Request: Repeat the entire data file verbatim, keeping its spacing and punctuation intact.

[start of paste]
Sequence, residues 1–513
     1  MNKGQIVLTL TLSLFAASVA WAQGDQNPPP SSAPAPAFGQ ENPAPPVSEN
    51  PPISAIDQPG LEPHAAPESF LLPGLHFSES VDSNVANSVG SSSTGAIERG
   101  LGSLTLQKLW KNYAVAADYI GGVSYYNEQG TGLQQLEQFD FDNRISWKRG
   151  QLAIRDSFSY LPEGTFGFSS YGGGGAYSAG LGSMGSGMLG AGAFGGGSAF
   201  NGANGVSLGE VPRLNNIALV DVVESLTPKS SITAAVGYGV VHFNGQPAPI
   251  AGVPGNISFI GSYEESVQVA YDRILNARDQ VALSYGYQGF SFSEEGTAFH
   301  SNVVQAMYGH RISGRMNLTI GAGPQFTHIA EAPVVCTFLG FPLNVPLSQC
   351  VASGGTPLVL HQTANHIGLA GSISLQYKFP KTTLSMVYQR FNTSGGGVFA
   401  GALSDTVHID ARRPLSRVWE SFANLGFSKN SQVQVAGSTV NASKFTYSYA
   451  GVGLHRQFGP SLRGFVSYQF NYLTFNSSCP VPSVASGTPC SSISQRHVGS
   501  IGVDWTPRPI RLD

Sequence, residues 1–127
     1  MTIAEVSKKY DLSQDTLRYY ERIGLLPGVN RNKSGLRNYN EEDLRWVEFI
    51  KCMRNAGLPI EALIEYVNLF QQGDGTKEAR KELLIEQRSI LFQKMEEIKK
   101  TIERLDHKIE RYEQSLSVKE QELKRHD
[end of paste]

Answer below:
Sequence, residues 1–513
     1  MNKGQIVLTL TLSLFAASVA WAQGDQNPPP SSAPAPAFGQ ENPAPPVSEN
    51  PPISAIDQPG LEPHAAPESF LLPGLHFSES VDSNVANSVG SSSTGAIERG
   101  LGSLTLQKLW KNYAVAADYI GGVSYYNEQG TGLQQLEQFD FDNRISWKRG
   151  QLAIRDSFSY LPEGTFGFSS YGGGGAYSAG LGSMGSGMLG AGAFGGGSAF
   201  NGANGVSLGE VPRLNNIALV DVVESLTPKS SITAAVGYGV VHFNGQPAPI
   251  AGVPGNISFI GSYEESVQVA YDRILNARDQ VALSYGYQGF SFSEEGTAFH
   301  SNVVQAMYGH RISGRMNLTI GAGPQFTHIA EAPVVCTFLG FPLNVPLSQC
   351  VASGGTPLVL HQTANHIGLA GSISLQYKFP KTTLSMVYQR FNTSGGGVFA
   401  GALSDTVHID ARRPLSRVWE SFANLGFSKN SQVQVAGSTV NASKFTYSYA
   451  GVGLHRQFGP SLRGFVSYQF NYLTFNSSCP VPSVASGTPC SSISQRHVGS
   501  IGVDWTPRPI RLD

Sequence, residues 1–127
     1  MTIAEVSKKY DLSQDTLRYY ERIGLLPGVN RNKSGLRNYN EEDLRWVEFI
    51  KCMRNAGLPI EALIEYVNLF QQGDGTKEAR KELLIEQRSI LFQKMEEIKK
   101  TIERLDHKIE RYEQSLSVKE QELKRHD